|Newsletter November 10, 2011 - 13 Cheshvon 5772|
|In early 18th century England, George Psalmanazar fooled practically everyone with his outrageous tales of the imaginary land of Formosa. Nothing seems to be excluded from his book, lending it a convincing verisimilitude; child sacrifice, superstitions, weapons, musical instruments, and food. The very barbarities in the book's details seemed to prove that it was a truthful account of a distant land. Even the great Dr. Samuel Johnson was fooled. It took a master of imaginary travel, Jonathan Swift, to mock Psalmanazar. I wonder whether the Abraham who negotiated with Abimelech would have been duped into Adventures in Formosa:|
"At that time, Abimelech and Phicol, general of his legion, said to Abraham, 'The Lord is with you in all that you do. Now swear to me here by the Lord that you will not deal falsely with me nor with my child nor with my grandchild; according to the kindness that I have done with you, do with me, and with the land in which you have sojourned.' And Abraham said, 'I will swear.' Then Abraham disputed with Abimelech regarding the well of water that Abimelech's servants had seized. Abimelech said, 'I do not know who did this thing; furthermore, you have never told me, moreover I myself have heard nothing of it except for today' (Genesis 21:22-26)." Swift would have laughed at Abimelech's attempt to describe his Formosa, a place of "I myself have heard nothing of it except for today." It seems as if the usually astute Abraham chose to be influenced by "'The Lord is with you in all that you do," and trust all that Abimelech claimed, laying the groundwork for a thousand years of unresolvable conflict between the Philistines and Israel all the way till David and, the Formosan-type character, Goliath. Our's is not the first generation to make a deal with a liar. Yet, it is only as a result of this story that Abraham achieves his reputation as the paradigm of kindness, and truly begins to spread his universal vision: "He planted an Eshel in Beer-sheba, and there he proclaimed the Name of God, Lord of the Universe (21:33)." This was not a tale of a man being fooled, but of rising to new heights.
I find it fascinating that Abimelech wants a multigenerational covenant immediately after Abraham exiles his son Yishmael from his home. Abimelech hears what Abraham does to a son for the sake of Isaac, and he wonders about Abraham's commitment to his previous friends. Will he push all away for the sake of Isaac? Is this son the only person who matters? Abraham's major victory over the Four Kings is fresh in everyone's memory. Abimelech feels sufficiently threatened to bring the general of his legion to this meeting. He speaks for all who wonder about the "new" Abraham. Are you going to war against all who live inconsistently with your vision for Isaac? Are we back to you lying or fighting whenever you feel that, "There is no fear of the Lord in this place (20:11)?"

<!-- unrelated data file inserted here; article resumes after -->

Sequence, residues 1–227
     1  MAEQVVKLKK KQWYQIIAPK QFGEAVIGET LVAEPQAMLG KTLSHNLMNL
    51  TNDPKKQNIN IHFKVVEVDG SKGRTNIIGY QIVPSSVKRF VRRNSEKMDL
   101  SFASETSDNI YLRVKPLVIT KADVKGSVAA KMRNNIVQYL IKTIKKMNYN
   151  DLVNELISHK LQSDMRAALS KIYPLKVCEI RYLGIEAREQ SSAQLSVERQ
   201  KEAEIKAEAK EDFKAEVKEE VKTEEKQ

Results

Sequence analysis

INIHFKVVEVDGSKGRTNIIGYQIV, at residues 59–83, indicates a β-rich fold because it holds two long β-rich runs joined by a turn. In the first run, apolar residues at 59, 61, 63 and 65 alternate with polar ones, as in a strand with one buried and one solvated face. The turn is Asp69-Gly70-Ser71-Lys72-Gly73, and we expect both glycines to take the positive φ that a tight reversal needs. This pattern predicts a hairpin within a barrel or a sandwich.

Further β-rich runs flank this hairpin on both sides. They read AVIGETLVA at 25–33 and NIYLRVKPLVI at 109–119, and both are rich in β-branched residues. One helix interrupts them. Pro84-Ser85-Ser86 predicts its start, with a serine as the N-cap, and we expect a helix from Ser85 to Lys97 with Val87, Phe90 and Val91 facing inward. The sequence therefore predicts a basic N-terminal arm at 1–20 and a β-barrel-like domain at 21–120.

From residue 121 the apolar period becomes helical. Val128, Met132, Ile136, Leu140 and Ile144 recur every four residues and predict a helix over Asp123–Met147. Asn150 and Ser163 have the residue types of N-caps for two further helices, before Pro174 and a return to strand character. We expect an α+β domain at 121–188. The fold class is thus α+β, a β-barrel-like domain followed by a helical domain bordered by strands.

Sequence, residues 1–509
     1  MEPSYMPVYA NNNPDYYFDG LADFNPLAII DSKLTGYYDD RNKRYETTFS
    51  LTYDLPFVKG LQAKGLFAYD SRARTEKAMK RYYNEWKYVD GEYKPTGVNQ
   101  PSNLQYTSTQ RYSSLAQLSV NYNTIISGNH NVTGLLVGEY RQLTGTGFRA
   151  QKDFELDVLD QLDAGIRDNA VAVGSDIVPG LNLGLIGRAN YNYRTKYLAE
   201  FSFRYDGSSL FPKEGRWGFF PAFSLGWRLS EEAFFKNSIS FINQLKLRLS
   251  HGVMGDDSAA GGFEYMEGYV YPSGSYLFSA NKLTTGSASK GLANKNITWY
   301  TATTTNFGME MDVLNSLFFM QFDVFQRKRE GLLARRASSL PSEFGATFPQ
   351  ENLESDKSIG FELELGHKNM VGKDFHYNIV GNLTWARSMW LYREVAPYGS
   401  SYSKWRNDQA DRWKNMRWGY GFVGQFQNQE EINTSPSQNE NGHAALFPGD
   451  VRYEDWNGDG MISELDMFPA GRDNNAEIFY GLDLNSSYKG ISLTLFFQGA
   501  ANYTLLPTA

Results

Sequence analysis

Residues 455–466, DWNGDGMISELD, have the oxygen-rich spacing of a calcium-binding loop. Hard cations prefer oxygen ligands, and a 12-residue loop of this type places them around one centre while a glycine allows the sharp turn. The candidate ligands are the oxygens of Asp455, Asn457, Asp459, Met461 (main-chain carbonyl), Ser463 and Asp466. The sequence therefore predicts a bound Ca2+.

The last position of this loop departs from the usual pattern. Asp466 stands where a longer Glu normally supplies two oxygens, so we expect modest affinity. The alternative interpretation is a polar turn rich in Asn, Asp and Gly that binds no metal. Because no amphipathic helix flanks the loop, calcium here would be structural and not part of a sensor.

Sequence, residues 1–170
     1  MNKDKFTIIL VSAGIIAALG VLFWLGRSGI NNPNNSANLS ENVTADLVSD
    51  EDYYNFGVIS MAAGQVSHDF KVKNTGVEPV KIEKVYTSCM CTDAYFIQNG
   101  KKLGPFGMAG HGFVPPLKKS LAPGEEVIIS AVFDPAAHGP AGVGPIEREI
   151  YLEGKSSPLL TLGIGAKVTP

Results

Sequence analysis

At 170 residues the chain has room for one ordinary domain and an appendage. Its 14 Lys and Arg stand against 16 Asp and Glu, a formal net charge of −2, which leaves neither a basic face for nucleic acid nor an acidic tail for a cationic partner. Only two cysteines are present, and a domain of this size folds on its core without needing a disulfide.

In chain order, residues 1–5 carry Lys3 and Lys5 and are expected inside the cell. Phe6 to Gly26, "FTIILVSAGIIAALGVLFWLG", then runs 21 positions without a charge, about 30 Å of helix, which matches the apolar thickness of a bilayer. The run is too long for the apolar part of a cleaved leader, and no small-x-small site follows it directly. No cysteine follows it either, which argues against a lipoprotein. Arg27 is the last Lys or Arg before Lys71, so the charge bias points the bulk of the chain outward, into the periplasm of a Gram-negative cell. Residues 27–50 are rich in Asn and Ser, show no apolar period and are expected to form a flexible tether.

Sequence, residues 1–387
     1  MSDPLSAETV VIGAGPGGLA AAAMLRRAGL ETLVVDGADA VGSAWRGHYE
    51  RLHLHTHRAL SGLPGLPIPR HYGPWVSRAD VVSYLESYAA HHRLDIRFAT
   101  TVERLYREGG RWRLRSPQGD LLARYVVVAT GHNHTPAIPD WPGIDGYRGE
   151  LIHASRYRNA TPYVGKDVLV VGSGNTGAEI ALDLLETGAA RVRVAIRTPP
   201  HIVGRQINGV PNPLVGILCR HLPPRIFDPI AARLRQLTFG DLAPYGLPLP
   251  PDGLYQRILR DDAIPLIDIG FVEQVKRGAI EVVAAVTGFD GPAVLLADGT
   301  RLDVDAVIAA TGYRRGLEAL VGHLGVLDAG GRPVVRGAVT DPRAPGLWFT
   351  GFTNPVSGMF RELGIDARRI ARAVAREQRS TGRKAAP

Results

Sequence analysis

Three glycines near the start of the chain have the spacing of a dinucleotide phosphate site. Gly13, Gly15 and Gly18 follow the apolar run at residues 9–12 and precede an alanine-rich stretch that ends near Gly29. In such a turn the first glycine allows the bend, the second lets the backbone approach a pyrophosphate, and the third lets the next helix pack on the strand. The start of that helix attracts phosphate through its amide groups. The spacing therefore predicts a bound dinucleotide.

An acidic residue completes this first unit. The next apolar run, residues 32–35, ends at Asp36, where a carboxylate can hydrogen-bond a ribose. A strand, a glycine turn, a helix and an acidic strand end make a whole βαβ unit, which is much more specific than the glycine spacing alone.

"I will swear," says Abraham, even when I know that I cannot trust you, even when you do not live with fear of God. I am not at war with the rest of the world. I will fight only to protect what is mine.
Abraham speaks to all the centuries of nations that accuse him of being at war with the rest of the world. He constructed an Eshel, an inn open to all directions, welcoming all into his tent with kindness and generosity. Abraham is at peace with the world even when others may live with different values. He articulates his vision of God; One, Unified, Universal.
Abraham's children are still accused of being at war with the world. Abimelech's finger is still pointed in detailed accusations of barbarities. Israel is warmongering. Israel destabilizes the Middle East. Israel is a military and political liability to the United States. This vision of Israel is the Formosa of the 21st Century, one that has fooled far too many. It is this Formosa that has prevented the world from hearing the universal message of Israel, welcoming, generous, and at peace with the world.
Rabbi Simcha L. Weinberg
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